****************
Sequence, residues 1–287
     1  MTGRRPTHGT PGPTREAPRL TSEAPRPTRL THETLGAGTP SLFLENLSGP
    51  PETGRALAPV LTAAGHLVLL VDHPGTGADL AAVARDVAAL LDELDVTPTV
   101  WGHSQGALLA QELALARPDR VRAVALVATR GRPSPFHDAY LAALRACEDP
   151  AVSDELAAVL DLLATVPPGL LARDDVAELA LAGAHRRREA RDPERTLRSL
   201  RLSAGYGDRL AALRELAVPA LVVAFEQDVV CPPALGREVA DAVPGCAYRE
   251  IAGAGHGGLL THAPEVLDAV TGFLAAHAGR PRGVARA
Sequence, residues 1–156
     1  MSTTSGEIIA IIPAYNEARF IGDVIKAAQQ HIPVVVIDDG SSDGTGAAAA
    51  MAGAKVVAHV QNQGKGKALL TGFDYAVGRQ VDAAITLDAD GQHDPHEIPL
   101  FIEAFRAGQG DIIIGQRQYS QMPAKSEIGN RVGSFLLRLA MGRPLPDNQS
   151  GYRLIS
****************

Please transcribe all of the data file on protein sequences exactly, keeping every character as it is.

Sequence, residues 1–287
     1  MTGRRPTHGT PGPTREAPRL TSEAPRPTRL THETLGAGTP SLFLENLSGP
    51  PETGRALAPV LTAAGHLVLL VDHPGTGADL AAVARDVAAL LDELDVTPTV
   101  WGHSQGALLA QELALARPDR VRAVALVATR GRPSPFHDAY LAALRACEDP
   151  AVSDELAAVL DLLATVPPGL LARDDVAELA LAGAHRRREA RDPERTLRSL
   201  RLSAGYGDRL AALRELAVPA LVVAFEQDVV CPPALGREVA DAVPGCAYRE
   251  IAGAGHGGLL THAPEVLDAV TGFLAAHAGR PRGVARA
Sequence, residues 1–156
     1  MSTTSGEIIA IIPAYNEARF IGDVIKAAQQ HIPVVVIDDG SSDGTGAAAA
    51  MAGAKVVAHV QNQGKGKALL TGFDYAVGRQ VDAAITLDAD GQHDPHEIPL
   101  FIEAFRAGQG DIIIGQRQYS QMPAKSEIGN RVGSFLLRLA MGRPLPDNQS
   151  GYRLIS